Australasian Science: Australia's authority on science since 1938

Fighting Lobbyists with Science

By Stephen Luntz

Simon Chapman has fought the tobacco industry, gun lobby and even opponents of wind farms and swimming pool fences.

For decades Prof Simon Chapman has taken on powerful industries and lobby groups in a quest to make life safer and longer for all.

“When I started, tobacco advertising wallpapered the country,” he says. “It was in every medium. Today it is nowhere except the internet.” Chapman is quick to note that no single person can claim credit for the legislative changes along the way, ascribing progress to “a close-knit team of researchers here and overseas”. Nevertheless, he is particularly proud of his contribution to mandatory plain packaging legislation.

Chapman’s undergraduate degree at the University of NSW was in sociology but his Honours thesis, on advertising directed at doctors by pharmaceutical companies, coincided with a Senate inquiry. When Senator Peter Baume read Chapman’s thesis into Hansard, Chapman says: “It was then I realised research could be more than something that is read by your examiners.”

For his PhD Chapman moved to Sydney University, where he is now Professor of Public Health. In the intervening years he has been the author of almost 300 papers in peer-reviewed journals and written 17 books and major reports. For 9 years he was the editor of Tobacco Control, a specialist publication of the British Medical Journal.

Meanwhile Australian smoking rates have more than halved. Chapman’s influence is demonstrated by British American Tobacco’s decision to buy 100 copies of his latest book so employees could know their enemy. “So I guess I’m making money off them,” he laughs.

Chapman says that tobacco companies at least preserve “a veneer of respectability. They act as if part of ordinary commerce, so while there is plenty of evidence internationally of companies engaged in smuggling and racketeering, I’ve never had personal experience of threats or attacks.”

The same cannot be said when Chapman ventures into other fields. Having conducted studies on the effectiveness of gun control, Chapman helped introduce gun laws after the Port Arthur massacre in 1996. “In the 10 years prior to the laws we had 14 gun massacres,” Chapman notes, defining massacres as involving five or more deaths. “In the years since we have had none.”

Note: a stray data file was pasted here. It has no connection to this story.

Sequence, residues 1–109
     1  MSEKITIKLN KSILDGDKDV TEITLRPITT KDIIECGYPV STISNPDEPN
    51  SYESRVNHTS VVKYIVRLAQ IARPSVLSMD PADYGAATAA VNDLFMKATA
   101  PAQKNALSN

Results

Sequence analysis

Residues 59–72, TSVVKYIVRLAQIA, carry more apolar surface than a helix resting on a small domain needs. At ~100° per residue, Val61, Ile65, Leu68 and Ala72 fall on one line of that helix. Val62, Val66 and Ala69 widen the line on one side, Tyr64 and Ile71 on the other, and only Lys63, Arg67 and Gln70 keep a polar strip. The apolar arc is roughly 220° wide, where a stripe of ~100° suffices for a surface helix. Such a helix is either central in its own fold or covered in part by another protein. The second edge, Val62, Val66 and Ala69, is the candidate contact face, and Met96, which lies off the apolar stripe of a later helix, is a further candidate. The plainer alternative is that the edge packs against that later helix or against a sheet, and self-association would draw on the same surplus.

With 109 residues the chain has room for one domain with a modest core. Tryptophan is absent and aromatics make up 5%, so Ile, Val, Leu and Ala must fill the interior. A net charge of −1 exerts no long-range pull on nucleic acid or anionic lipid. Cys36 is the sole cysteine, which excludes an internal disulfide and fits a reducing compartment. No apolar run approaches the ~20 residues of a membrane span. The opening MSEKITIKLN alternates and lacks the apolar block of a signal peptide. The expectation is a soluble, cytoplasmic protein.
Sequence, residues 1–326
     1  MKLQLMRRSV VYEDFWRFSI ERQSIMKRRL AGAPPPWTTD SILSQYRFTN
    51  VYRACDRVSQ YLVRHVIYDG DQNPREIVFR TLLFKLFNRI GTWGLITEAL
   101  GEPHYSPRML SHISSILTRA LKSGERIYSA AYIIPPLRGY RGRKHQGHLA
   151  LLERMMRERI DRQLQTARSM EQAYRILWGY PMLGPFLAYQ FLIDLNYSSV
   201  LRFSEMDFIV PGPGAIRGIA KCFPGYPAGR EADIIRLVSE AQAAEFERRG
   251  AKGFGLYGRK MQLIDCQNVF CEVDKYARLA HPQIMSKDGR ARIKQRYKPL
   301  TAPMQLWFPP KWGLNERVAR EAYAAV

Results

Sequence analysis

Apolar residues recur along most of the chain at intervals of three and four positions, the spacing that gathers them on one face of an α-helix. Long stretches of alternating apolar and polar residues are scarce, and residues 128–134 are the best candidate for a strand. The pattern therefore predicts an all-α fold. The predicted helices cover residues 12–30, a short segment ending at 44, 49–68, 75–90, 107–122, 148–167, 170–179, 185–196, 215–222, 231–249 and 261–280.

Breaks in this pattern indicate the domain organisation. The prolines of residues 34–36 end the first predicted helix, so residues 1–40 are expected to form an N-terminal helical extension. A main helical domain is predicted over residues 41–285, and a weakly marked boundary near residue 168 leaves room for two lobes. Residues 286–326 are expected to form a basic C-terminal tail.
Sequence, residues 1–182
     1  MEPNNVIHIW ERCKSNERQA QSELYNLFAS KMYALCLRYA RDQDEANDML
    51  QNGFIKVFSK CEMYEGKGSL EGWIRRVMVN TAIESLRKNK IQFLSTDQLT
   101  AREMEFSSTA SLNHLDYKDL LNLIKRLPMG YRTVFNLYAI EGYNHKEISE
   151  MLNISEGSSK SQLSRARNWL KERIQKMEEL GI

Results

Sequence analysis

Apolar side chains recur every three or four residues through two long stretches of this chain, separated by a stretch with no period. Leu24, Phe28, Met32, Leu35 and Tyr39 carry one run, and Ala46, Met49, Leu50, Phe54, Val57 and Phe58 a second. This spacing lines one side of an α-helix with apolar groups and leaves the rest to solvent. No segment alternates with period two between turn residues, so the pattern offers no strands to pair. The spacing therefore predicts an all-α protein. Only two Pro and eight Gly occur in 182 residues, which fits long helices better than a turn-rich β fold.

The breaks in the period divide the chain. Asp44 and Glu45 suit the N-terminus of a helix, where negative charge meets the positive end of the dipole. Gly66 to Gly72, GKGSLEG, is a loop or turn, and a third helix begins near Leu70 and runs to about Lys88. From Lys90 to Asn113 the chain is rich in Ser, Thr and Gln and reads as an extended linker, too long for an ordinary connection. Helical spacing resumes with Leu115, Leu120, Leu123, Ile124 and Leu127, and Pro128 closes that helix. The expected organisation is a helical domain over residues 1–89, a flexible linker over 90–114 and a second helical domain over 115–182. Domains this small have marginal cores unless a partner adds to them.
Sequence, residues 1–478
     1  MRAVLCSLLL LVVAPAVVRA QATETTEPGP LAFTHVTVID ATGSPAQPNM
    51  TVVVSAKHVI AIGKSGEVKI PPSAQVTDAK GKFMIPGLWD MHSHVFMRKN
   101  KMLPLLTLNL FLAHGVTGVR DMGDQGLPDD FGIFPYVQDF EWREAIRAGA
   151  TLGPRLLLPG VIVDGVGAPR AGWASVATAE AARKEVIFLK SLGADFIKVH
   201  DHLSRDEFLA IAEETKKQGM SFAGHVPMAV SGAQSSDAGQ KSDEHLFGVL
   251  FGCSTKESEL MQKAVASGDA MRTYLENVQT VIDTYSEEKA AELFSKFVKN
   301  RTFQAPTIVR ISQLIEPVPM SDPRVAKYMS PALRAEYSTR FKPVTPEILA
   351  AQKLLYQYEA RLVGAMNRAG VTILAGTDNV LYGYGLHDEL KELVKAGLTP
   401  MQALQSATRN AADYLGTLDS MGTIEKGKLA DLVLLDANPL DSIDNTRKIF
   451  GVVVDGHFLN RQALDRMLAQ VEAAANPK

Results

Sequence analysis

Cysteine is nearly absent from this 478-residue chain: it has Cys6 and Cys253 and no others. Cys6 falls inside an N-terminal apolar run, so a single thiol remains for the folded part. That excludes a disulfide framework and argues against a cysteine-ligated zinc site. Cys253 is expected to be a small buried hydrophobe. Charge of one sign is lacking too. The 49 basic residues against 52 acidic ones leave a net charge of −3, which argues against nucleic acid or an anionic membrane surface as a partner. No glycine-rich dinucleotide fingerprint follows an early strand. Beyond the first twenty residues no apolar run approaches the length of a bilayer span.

His role led to many abusive messages, one of which he considered a serious death threat that he reported to the police. The person was tracked down and found to be mentally unstable. Chapman notes, however, that “for every abusive message I get several congratulating me”.

Most recently Chapman has been exploring how opponents of wind farms arouse fears in communities near where turbines are to be installed. While presenting themselves as grassroots activists, the opponents are often receiving substantial indirect support from the coal (and in some countries nuclear) industry.

Papers published in obscure journals have claimed to find evidence of “wind turbine syndrome” but Chapman has systematically demolished the methodology for the supposed studies. “People call me up and say, ‘Bet you wouldn’t have one in your backyard’. I tell them I live right under the flight path to Sydney Airport and also near a railway line and busy road. A triple whammy, and it doesn’t bother me in the least.”

Other opponents have been the anti-vaccination lobby and people who resented having to place fences around backyard swimming pools.

Chapman also maintains a project called Australian Health News, with 30,000 health-related stories. “I took all the articles from the Sydney Morning Herald over a 2-year period that mentioned ‘cancer’ and ‘breakthrough’ or ‘promising’. Ten years later I went to experts in the field and said: ‘Looking back, would you think that this language was justified?’ In at least 50% of cases they said no.”

Yet Chapman says his own experiences with the media have been positive, with his message seldom distorted. “Like all academics I aspire to get published in The Lancet etc. I’ve had a share of those over the years. I feel pleased when published, but the day after no one knows. The work might be cited 60 times. If I go on breakfast radio half the staff will have heard, there’ll be emails waiting, further requests for interviews, sometimes politicians wanting to know more about what I’ve done.”

In between, Chapman finds time to publish more unusual research, such as evidence that Kylie Minogue’s breast cancer caused a surge in the number of women having screenings. He estimated that this led to roughly 100 early detections, many of them likely to be life-saving (AS, September 2005, p.12).

He is also the lead singer in a covers band named The Original Faux Pas, which is made up largely of medical academics. They play largely for charity.